- The amendment was the outcome of generations of activism by suffragists which started in 1848. Despite the passage of the 19th Amendment, which applies to all women in the United States, African-American women were denied the right to vote until the passage of the Voting Rights Act in 1965.
Celebrating Women’s Equality Day
- On the 50th anniversary of the 19th Amendment, women of the National Organization of Women held huge rallies and marches in U.S. cities and hung banners on the Statue of Liberty to ensure that women who made voting possible were honored. After the 1970 protest, Congress attempted to pass the Equal Rights Amendment but its ratification failed. Instead, they designated August 26 of every year as Women’s Equality Day, which recognizes the accomplishments of women in American history.
- In addition to the amendment, the day also honors women who labored for long hours during World War I, when men were in the battlefields. Women worked in factories of ammunition, weapons, supplies, and more to compensate for the loss of men in the labor force.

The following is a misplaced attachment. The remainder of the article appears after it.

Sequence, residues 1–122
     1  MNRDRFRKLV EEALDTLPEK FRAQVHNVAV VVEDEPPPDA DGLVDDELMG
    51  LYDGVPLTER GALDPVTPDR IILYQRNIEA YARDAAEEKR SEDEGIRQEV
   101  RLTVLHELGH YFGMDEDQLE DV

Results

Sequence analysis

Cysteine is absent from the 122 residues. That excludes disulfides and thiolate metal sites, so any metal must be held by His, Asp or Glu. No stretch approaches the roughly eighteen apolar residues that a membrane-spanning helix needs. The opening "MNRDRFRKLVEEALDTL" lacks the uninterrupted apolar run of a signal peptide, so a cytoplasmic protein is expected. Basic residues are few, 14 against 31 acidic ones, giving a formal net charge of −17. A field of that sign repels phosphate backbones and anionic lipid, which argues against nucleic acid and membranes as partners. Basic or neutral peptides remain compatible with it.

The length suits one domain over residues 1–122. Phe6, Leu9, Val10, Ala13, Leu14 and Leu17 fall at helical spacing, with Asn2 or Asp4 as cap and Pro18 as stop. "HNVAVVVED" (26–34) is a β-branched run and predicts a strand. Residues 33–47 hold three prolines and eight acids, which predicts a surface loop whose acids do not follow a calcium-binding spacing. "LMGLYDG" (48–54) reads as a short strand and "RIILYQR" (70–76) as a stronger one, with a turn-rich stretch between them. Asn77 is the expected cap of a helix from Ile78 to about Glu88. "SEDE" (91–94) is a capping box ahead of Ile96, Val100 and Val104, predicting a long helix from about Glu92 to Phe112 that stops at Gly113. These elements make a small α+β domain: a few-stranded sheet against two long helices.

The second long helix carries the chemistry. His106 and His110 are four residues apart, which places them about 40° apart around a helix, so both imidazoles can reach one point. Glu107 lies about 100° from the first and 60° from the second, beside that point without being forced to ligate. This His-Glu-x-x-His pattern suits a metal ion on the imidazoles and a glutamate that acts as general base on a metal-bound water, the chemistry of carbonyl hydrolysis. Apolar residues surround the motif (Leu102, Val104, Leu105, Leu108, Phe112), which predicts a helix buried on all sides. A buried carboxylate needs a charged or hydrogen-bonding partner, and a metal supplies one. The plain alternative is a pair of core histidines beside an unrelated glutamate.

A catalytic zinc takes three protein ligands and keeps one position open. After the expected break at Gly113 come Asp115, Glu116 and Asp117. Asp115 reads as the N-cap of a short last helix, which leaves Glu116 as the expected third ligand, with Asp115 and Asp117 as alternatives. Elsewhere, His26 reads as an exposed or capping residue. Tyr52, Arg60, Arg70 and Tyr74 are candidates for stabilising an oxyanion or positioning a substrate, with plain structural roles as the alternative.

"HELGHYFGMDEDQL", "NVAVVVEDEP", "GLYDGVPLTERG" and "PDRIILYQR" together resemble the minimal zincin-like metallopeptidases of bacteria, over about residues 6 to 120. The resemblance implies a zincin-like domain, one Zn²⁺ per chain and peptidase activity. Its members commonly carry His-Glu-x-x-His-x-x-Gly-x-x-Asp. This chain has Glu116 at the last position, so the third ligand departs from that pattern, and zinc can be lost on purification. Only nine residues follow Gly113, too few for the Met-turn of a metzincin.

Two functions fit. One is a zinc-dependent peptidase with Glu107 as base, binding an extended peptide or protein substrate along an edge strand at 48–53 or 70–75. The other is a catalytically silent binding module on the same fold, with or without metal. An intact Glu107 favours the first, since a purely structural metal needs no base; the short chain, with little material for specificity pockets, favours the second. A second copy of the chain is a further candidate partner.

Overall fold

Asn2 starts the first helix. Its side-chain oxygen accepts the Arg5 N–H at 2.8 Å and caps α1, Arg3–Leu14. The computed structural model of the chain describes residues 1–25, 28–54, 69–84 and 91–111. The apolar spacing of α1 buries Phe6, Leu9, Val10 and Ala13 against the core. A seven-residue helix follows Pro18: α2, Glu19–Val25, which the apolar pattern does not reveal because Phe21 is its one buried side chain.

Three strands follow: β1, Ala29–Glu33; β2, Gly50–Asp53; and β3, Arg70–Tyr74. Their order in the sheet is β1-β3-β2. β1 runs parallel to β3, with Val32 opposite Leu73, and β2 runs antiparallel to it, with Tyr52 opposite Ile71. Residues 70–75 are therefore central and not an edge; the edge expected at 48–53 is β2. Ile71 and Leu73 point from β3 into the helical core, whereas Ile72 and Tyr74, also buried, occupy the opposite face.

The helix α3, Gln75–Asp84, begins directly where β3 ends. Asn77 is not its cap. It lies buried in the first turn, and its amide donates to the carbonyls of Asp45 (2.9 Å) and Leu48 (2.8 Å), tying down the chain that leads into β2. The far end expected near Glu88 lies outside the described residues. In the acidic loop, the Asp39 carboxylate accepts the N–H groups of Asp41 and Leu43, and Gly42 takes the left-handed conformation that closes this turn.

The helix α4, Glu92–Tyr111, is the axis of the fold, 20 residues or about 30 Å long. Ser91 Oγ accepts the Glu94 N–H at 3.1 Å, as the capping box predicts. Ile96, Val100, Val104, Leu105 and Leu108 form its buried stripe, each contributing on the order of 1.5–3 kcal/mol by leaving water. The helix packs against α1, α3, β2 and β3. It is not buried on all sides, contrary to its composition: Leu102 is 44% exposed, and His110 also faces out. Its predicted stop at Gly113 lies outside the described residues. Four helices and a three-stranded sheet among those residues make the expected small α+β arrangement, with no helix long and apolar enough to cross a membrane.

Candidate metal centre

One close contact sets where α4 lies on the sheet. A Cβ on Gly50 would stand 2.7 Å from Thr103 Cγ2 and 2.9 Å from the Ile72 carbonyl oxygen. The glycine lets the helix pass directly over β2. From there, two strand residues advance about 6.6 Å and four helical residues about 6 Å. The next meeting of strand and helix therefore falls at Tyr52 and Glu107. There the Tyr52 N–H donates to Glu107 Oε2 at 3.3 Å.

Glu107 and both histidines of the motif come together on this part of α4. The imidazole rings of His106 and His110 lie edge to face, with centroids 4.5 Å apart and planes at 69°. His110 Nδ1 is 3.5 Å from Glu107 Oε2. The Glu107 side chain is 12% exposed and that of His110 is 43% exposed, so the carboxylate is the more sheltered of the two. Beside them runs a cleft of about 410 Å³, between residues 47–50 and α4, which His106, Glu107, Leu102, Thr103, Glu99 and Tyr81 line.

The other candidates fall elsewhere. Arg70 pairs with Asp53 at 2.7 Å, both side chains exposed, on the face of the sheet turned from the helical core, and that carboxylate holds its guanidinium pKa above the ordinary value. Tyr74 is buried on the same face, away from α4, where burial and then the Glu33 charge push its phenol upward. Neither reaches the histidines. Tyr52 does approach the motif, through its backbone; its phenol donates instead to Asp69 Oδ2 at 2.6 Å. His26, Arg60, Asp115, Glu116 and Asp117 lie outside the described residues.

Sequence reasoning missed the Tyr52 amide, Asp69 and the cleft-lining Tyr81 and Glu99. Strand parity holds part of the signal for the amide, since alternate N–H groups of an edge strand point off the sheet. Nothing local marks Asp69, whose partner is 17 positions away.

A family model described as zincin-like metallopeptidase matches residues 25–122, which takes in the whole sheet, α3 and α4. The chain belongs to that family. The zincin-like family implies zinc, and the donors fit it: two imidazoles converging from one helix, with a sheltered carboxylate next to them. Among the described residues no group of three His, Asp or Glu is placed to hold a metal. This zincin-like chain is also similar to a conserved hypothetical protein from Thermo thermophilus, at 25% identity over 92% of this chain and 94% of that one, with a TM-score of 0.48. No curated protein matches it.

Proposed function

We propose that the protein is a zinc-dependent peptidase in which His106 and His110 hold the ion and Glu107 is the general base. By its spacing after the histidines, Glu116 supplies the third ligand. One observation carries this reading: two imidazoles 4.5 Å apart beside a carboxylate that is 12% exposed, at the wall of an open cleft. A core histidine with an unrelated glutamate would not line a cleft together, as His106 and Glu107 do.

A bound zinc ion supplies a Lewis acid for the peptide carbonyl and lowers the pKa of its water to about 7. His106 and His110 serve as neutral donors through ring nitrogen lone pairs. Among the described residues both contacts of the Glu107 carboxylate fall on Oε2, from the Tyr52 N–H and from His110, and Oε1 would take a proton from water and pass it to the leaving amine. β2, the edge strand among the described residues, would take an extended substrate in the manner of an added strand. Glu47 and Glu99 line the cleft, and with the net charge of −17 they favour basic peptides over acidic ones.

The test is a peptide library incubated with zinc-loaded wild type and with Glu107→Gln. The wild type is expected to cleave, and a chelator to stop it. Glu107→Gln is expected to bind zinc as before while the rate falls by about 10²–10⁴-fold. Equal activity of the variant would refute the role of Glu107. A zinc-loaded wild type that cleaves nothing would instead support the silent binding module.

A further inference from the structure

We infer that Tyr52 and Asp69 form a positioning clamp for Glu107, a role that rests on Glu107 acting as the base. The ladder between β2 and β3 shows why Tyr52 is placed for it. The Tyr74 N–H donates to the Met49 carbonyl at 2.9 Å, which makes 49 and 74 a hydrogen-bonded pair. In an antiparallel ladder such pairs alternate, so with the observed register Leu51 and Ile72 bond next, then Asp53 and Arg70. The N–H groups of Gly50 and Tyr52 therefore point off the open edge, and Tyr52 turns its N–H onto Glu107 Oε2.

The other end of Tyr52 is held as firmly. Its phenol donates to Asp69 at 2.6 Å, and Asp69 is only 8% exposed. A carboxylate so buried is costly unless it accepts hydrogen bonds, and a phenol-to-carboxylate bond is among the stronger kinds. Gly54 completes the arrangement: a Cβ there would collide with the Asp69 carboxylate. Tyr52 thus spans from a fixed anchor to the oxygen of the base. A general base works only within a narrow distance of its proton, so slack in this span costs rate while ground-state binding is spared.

- Since 1971, Women’s Equality Day has been celebrated after it was introduced by Congresswoman Bella Abzug and was made possible through a Presidential Proclamation.
- In the United States, this day is celebrated in the following ways: By writing a thank you letter to influential women, children learning about historical female figures, and participating in parades and activities organized by the local government.
Other Related Facts About Women in America
- On December 10, 1869, Wyoming was the first state to grant women the right to vote.
- In 1881, nurse Clara Barton established the American Red Cross.
- In 1887, Argonia, Kansas, elected the first female mayor of any American town, Susanna Madora Salter.
- Martha Washington was the first American woman to appear on a U.S. postage stamp in 1902.
- In 1908, the first Mother’s Day celebrations were held in Philadelphia and Grafton, West Virginia.
- The only original suffragette who got to witness women being able to vote in 1920 was Charlotte Woodward.
- Edith Wharton, an American novelist, became the first woman to win a Pulitzer Prize for fiction in her novel The Age of Innocence in 1921.
- In 1926, Gertrude Ederle was the first woman to swim across the English Channel.